Title: B757 CABIN ALT EXCEEDS 10000 FT WHILE CLIMBING THROUGH FL340 ON ONE PACK. CARGO FLT CREW OBTAINS ATC CLRNC TO DESCEND FOR TROUBLESHOOTING; AND REGAINS PRESSURIZATION.
Narrative: WE WERE CLBING OUT OF ABOUT FL340 TO A FILED ALT OF FL390. THE FO WAS FLYING AND THE AUTOPLT WAS ENGAGED. THE CABIN ALT ALERT ILLUMINATED ALONG WITH THE AUDIO WARNING. WE CONFIRMED THAT THE CABIN ALT HAD EXCEEDED 10000 FT MSL AND WAS STILL CLBING. WE DONNED OXYGEN MASKS AND ADVISED ATC THAT WE HAD A PRESSURIZATION PROB AND WOULD HAVE TO DSND UNTIL WE COULD GET THE CABIN BELOW 10000 FT. ATC GAVE US A VECTOR OFF COURSE AND AN INITIAL DSCNT TO ABOUT FL230. SHORTLY AFTER THAT WE WERE GIVEN CLRNC TO DSND TO 11000 FT. AT THIS POINT; WE HAD RUN THE RECALL ITEMS AND GONE TO THE CABIN ALT CHKLIST IN THE QRH. THE OUTFLOW VALVE WAS ALREADY FULLY CLOSED. SHORTLY AFTER THE CABIN ALT WARNING AND DURING OUR DSCNT; WE GOT PRESSURIZATION 'AUTO 1' AND 'AUTO 2' MESSAGES. AS IS COMMON PRACTICE; AFTER DEP WE HAD TURNED OFF THE L PACK TO REDUCE COCKPIT NOISE. WHILE WE WERE DSNDING TO 11000 FT AND RUNNING THE CHKLISTS; I NOTICED THAT THE R ENG BLEED VALVE WAS OFF; ALTHOUGH THE BLEED SWITCH WAS ON. I NOW REALIZED THAT WE HAD LOST PRESSURIZATION BECAUSE NEITHER PACK WAS PRESSURIZING THE ACFT. I TURNED THE L PACK ON AND THE ACFT BEGAN TO PRESSURIZE; BUT THE AUTO PRESSURE CTLRS WERE STILL INOP. DURING THE DSCNT WE ESTABLISHED CONTACT WITH DISPATCH AND MAINT. I DESCRIBED THE PROB AND ADVISED MAINT THAT WE WERE WITHIN 100 MI OF PIE; MCO AND JAX. BY THIS TIME; WE HAD GOTTEN THE CABIN DOWN TO 8000 FT AND WERE ABLE TO REMOVE OUR OXYGEN MASKS. ALSO ABOUT THIS TIME; WHILE I WAS DISCUSSING THE PROB WITH MAINT; THE R ENG BLEED VALVE BEGAN TO FUNCTION. NO CORRECTIVE ACTION HAD BEEN TAKEN ON OUR PART. WE NOW HAD 2 BLEED SOURCES AND 2 PACKS. SHORTLY AFTER THIS HAPPENED WE GOT THE PRESSURIZATION AUTO CTLRS BACK. I ADVISED MAINT OF ALL THESE EVENTS AND THEY ASKED US TO PROCEED TO DEST. WE CLBED TO FL320 AND PROCEEDED TO DEST UNEVENTFULLY. THE DUCT PRESSURE; WITH THE ISOLATION VALVE CLOSED; WAS HIGH AT CLB AND CRUISE PWR ON BOTH SIDES OF THE MANIFOLD; OVER 60 PSI. THE NOISE LEVEL IN THE COCKPIT (DUAL OR SINGLE PACK OP) WAS ALSO HIGHER THAN USUAL. THE MAINT DISCREPANCIES WERE WRITTEN UP WITH CLARIFYING NOTES AND A CONTRACT MECH MET THE ACFT. WE ASSISTED HIM WITH AN ENG RUN TO PERFORM THE REQUIRED MAINT PROCS AND MAINT AUTH THE MECH TO CLR THE LOGBOOK ENTRIES. WHEN THE L PACK HAD BEEN INITIALLY TURNED OFF AFTER TKOF I HAD CLRED THE EICAS MESSAGES FOR THE L PACK AND THE L ENG BLEED 'OFF.' WHEN OPERATING IN THIS MODE IT IS NOT UNCOMMON FOR THE 'BLEED OFF' MESSAGE TO REAPPEAR. I SUSPECT THAT THIS HAD HAPPENED AND I DID NOT CLR THE 'BLEED OFF' MESSAGE IN A TIMELY MANNER. WE HAD ALSO BEEN USING CTR TANK FUEL AND THEN BALANCING THE WING FUEL AND THE FUEL PUMP MESSAGES HAD BEEN INTENTIONALLY LEFT ON THE SCREEN AS A REMINDER. ACCORDINGLY; WHEN THE R BLEED VALVE FAILED; NEITHER OF US NOTICED THAT ANOTHER EICAS MESSAGE HAD APPEARED UNTIL WE GOT THE CABIN ALT WARNING. INTERESTINGLY; THE RECIRCULATION FAN APPEARED TO KEEP THE CABIN TEMP COMFORTABLE DURING THE EVENT AND THE COCKPIT NOISE LEVEL DID NOT DROP ENOUGH FOR US TO NOTICE THE PROB PRIOR TO THE WARNING. CALLBACK CONVERSATION WITH RPTR REVEALED THE FOLLOWING INFO: RPTR STATED THAT IT IS COMPANY PRACTICE TO OPERATE WITH 1 PACK -- BOTH PACKS ONLY REQUIRED DURING TKOF. APPARENTLY ACFT DUCTING ON COMPANY'S B757'S CREATES A NOISE LEVEL THAT CAN INTERFERE WITH COMMUNICATIONS UNLESS ONE PACK (NORMALLY THE LEFT) IS TURNED OFF.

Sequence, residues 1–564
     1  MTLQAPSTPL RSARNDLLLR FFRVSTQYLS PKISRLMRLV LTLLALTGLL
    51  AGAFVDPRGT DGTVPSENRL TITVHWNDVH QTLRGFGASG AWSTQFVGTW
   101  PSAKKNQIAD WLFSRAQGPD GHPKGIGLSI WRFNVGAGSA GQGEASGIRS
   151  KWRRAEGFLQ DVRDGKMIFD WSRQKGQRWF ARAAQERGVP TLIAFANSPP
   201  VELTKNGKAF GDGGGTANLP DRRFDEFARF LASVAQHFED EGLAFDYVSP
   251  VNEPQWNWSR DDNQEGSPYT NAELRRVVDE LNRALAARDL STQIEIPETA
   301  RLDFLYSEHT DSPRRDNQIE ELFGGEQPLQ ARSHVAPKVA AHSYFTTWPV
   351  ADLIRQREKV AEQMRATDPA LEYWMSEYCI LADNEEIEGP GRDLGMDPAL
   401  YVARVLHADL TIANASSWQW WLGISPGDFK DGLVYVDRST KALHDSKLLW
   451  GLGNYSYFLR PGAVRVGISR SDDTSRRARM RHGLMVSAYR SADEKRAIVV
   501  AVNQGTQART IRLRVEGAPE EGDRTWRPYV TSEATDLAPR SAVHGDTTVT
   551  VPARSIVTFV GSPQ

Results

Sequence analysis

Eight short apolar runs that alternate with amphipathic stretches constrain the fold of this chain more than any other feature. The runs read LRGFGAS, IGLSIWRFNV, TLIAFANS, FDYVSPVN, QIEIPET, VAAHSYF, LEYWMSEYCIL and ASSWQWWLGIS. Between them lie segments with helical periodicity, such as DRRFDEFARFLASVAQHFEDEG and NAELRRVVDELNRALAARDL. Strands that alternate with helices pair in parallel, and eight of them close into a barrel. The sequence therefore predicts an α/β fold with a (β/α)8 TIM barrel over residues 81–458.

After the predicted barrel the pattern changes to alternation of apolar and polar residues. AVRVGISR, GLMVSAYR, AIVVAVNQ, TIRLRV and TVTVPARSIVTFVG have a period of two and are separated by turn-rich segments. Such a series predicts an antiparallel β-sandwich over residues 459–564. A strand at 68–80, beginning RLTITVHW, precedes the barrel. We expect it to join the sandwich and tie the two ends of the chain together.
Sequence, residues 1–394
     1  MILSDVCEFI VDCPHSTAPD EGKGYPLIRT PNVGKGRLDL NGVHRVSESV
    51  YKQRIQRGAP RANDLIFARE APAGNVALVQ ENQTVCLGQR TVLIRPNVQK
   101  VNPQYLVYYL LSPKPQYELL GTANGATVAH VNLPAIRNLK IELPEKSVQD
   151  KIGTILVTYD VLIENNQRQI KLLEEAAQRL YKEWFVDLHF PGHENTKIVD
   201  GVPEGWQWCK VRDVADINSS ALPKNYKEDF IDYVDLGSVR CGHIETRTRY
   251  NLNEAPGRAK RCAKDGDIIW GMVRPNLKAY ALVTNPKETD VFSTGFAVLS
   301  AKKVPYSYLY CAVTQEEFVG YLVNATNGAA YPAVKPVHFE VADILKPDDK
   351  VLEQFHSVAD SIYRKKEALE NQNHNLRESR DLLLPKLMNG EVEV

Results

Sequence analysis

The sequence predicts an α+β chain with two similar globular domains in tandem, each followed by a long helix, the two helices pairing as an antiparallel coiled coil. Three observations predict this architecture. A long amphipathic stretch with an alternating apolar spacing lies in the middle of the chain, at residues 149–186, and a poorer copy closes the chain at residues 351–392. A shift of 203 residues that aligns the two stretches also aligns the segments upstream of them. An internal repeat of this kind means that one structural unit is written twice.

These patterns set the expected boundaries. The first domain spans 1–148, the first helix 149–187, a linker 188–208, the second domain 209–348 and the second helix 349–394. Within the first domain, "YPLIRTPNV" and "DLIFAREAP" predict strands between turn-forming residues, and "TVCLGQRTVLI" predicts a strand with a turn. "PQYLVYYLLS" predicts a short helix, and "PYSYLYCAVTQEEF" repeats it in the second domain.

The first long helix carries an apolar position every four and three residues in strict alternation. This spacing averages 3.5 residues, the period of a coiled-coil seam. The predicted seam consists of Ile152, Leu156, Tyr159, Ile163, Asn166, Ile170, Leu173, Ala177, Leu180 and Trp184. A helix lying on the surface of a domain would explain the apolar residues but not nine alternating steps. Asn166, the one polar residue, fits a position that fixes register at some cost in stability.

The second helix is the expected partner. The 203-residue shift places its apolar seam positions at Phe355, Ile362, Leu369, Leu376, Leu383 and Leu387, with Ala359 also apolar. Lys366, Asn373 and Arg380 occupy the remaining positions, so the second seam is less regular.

Data retrieved from NASA's ASRS site as of January 2009 and automatically converted to unabbreviated mixed upper/lowercase text. This report is for informational purposes with no guarantee of accuracy. See NASA's ASRS site for official report.